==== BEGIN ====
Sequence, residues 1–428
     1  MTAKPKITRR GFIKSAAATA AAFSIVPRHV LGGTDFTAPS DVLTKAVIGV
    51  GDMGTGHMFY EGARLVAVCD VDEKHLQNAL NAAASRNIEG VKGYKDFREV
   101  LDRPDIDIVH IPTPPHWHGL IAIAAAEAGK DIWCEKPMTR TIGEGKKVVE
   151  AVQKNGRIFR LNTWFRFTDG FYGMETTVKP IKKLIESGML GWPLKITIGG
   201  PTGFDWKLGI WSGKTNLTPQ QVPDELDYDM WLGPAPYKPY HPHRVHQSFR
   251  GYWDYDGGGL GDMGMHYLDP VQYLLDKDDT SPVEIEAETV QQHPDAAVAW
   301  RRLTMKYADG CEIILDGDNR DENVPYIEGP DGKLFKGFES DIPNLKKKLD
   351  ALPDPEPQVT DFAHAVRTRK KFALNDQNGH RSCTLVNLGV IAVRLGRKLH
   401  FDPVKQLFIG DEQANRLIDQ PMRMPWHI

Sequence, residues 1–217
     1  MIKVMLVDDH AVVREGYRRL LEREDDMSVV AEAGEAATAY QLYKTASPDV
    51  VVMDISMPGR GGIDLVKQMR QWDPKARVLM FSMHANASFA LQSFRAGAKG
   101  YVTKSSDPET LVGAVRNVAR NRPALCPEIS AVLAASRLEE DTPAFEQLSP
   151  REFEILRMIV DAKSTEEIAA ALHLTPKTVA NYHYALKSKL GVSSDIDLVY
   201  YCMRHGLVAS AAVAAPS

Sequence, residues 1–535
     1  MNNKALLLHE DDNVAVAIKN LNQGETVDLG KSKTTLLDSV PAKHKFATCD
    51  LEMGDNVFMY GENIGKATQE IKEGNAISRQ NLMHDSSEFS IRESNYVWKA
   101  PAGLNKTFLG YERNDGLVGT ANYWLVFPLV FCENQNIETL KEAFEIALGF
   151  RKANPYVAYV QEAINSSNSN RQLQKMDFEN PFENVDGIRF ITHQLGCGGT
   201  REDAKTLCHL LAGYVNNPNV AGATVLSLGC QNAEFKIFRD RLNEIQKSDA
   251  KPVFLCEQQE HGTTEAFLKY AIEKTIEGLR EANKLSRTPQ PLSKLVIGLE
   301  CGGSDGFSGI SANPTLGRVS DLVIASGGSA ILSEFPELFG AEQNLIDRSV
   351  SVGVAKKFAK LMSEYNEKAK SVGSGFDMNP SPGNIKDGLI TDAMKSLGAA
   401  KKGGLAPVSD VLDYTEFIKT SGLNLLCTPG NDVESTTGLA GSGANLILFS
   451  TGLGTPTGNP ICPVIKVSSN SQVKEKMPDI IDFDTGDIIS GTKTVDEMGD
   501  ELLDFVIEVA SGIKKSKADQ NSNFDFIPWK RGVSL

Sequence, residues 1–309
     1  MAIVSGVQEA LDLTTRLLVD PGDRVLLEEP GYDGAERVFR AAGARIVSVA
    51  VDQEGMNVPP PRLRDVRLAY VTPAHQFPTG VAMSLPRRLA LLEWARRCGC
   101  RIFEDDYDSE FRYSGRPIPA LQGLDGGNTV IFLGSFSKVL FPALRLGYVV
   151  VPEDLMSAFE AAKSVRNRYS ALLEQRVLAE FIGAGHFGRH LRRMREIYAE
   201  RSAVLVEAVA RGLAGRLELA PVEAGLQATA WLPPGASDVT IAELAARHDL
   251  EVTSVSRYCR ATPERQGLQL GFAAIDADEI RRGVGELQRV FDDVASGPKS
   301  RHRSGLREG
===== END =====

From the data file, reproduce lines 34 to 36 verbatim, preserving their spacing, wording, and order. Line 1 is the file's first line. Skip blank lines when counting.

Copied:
   201  RSAVLVEAVA RGLAGRLELA PVEAGLQATA WLPPGASDVT IAELAARHDL
   251  EVTSVSRYCR ATPERQGLQL GFAAIDADEI RRGVGELQRV FDDVASGPKS
   301  RHRSGLREG